Pandemic Flu

An influenza pandemic is a worldwide outbreak of a new flu virus

An influenza — or flu — pandemic is an outbreak of a new type of flu virus that spreads rapidly from one country to another. Because the virus is new, people have no natural immunity to it and vaccine will not be available for many months. Without vaccine or immunity, the virus passes rapidly from person to person. Hundreds of thousands in our country could get sick, and many could die.

There were three large flu pandemics in the 20th century – 1918, 1957, 1968 and 2009. No one knows where or when the next flu pandemic will begin, but health officials agree that it is only a matter of time.

What to expect if an outbreak occurs

A flu pandemic could be devastating, so everyone should be prepared for the worst. With up to one-third of the workforce sick or staying home, supplies and services could be limited or disrupted.

Extraordinary measures could be required. You may be asked to stay away from other people, large public events like concerts or sports could be canceled, and schools could be closed. Health officials may issue orders to keep people with the virus at home or in special facilities. You may be asked to wear a mask in medical facilities or other public places.

A flu pandemic could last a long time. The 1918 flu pandemic lasted 18 months.

What to do now

  • Know your neighbors. Encourage others to prepare.
  • Be ready to help family and neighbors who are elderly or have special needs if services they depend on are not available.
  • Know school policies about illness and absence. Make a plan for taking care of your children if schools are closed for long periods.
  • Be prepared to stay home from work when you are sick. Know work policies about sick leave, absences, time off and telecommuting.
  • Encourage planning. Every workplace should have a plan for doing essential tasks if large numbers of employees are absent over many months.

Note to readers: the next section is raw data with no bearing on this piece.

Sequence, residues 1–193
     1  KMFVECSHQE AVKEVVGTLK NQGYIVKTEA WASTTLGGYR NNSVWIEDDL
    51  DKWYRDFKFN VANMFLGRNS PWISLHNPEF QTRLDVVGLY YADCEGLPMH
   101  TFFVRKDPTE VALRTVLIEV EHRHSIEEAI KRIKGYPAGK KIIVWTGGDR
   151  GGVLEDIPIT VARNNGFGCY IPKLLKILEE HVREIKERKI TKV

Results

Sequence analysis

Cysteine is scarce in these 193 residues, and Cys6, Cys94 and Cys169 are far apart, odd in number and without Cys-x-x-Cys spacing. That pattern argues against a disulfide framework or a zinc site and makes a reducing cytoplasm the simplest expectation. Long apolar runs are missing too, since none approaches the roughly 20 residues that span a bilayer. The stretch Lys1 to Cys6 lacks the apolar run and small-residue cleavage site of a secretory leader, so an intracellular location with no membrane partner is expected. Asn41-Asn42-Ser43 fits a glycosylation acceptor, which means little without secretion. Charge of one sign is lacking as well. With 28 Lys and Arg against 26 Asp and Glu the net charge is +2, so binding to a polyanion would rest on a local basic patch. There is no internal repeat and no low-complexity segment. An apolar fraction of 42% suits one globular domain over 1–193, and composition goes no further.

• Explore ways to get your work done with less personal contact, such as increased use of e-mail and phone conferences.
  • Be prepared to get by for a week or more on what you have at home. Stores may not be open or may have limited supplies.
  • Plan to limit the number of trips you take to shop or to run errands.

Prevent the spread of germs

The flu virus is spread from person to person when an infected person coughs, sneezes or touches things that others use. To protect yourself and others:

  • Cover your mouth and nose when you cough or sneeze. Cough into your sleeve or cover your mouth and nose with a tissue.
  • Wash your hands. Soap and warm water are best, but alcohol-based hand gel or disposable wipes also work.
  • Don't touch your eyes, nose or mouth. The flu virus is often spread when a person touches something that has the flu virus on it and then touches his or her eyes, nose or mouth.
  • Stay home when you're sick or have flu symptoms. Drink extra water, get plenty of rest and check with a healthcare provider as needed.

Learn home-care basics

  • Know how to care for someone with fever, body aches and lung congestion. During a pandemic, follow health officials' instructions.
  • Learn about dehydration. The flu virus causes the body to lose water through fever and sweating. Watch for weakness, fainting, dry mouth, dark concentrated urine, low blood pressure or a fast pulse when lying or sitting down. These are signs of dehydration. To prevent dehydration, it is very important for a person with the flu to drink a lot of water— up to 12 glasses a day.

DOH Pub 821-012
Revised - March 2013
Reviewed annually